A federal announcement could lead to more foreclosed properties becoming rentals, a development that could lessen the blow to New Jersey real estate values from a backlog of foreclosures hitting the market.
The Barack Obama administration announced Wednesday it is soliciting ideas for selling or otherwise disposing of properties owned by Fannie Mae, Freddie Mac and the Federal Housing Administration.
This could lead to thousands of foreclosed houses entering the rental market — a move that could help some New Jersey markets inundated with foreclosures.
“It would have the effect of softening the blow on the housing market of the foreclosure shadow inventory,” said Jeffrey G. Otteau, president of Otteau Valuation Group.
Otteau said urban and exurban areas have been bracing for an additional wave of foreclosures hitting the market, which “has the potential to flood some housing markets with large amounts of distressed inventory, which in turn would trigger additional price declines in those submarkets.”
The federal proposal could mitigate this downward pressure on home prices, he said.
Kicking the can down the road
“They’re kicking the can down the road a few years,” Otteau said, though it would be a good move, considering the circumstances. He said demand for rentals is high, both from people unable to finance home purchases and from those who have lost their homes.
The sale of foreclosures would be welcomed by Martin Laderman, president and CEO of Jersey City-based MEM Property Management.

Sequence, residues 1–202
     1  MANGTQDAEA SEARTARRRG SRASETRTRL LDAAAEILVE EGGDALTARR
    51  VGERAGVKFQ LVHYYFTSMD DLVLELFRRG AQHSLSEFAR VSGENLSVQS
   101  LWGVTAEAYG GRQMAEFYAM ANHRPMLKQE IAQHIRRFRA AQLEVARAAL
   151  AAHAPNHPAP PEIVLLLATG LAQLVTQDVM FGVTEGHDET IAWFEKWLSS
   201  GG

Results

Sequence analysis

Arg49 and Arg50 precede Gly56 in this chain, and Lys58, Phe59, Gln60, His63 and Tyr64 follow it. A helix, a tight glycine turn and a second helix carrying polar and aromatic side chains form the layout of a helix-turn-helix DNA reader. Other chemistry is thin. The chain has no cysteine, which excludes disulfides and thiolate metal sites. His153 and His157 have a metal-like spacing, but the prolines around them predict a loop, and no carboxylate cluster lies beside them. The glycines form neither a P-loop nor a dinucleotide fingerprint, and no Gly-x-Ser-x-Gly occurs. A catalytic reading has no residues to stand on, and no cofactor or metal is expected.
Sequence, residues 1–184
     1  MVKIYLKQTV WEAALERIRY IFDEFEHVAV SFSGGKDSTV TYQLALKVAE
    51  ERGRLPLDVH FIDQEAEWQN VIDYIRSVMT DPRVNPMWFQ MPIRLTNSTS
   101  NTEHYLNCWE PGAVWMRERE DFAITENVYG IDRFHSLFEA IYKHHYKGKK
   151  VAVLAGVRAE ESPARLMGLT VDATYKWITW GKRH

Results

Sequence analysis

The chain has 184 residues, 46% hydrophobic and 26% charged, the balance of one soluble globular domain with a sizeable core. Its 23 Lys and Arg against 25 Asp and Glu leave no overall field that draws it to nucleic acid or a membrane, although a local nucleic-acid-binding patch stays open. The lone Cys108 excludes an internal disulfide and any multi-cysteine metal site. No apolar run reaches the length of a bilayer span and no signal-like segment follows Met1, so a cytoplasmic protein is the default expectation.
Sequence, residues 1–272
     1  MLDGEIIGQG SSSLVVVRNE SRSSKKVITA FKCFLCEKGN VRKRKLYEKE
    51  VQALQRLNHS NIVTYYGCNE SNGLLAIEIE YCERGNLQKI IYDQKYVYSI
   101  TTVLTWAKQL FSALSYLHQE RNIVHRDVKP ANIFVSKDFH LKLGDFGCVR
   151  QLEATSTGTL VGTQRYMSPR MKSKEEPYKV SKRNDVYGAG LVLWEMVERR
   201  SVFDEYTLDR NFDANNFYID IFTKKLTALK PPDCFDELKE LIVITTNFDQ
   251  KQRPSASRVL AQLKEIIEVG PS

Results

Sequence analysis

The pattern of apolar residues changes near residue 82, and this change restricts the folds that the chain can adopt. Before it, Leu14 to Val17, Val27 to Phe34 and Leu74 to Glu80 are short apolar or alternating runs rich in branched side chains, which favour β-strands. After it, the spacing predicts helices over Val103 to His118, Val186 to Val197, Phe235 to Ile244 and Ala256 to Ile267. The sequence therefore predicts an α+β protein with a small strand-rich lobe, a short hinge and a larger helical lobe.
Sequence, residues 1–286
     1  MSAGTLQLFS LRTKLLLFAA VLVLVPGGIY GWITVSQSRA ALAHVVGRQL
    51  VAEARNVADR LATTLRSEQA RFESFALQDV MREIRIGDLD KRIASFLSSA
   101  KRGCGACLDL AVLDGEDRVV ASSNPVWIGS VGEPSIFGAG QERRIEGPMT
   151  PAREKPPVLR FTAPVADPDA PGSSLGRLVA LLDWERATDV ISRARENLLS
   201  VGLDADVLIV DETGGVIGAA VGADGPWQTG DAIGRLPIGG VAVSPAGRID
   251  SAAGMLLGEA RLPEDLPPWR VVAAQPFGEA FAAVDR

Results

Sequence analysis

“Anyone can do better than the government at this point,” Laderman said Thursday, adding that private owners and property managers are in a better position to maintain foreclosed properties.
Laderman said he was encouraged that the government is starting to think outside the box, adding that he would also like to see a reduction in government bloat.
“For management companies, sure, we’re always looking for new opportunities, new markets to grow in,” said Laderman, who added that he may submit information to the Federal Housing Finance Agency in response to its request.
Laderman, whose 24-employee company manages 12,000 properties in the state, said one problem facing the real estate market is that banks are not in a position to maintain large numbers of foreclosed homes. He said management companies may become key players in buying houses to become rentals, noting that abandoned houses can drag down the value of nearby multifamily apartment buildings.
“It could be attractive just to keep the neighborhood and the values of other properties up,” Laderman said of properties owned by the FHA and the government-sponsored enterprises.
“In the long run, everyone will benefit” if the houses become rentals, Laderman said.
If fully implemented, this could shift the balance of homeownership in cities like Elizabeth, Newark and Trenton, as well as some rural communities in counties like Sussex, while leaving heavily suburban areas largely unaffected, Otteau said.
Adding single-family rentals would like face opposition in some residents who have a negative perception of rentals, though, said Otteau, who also questioned whether the effect on bank balance sheets factored into the federal request.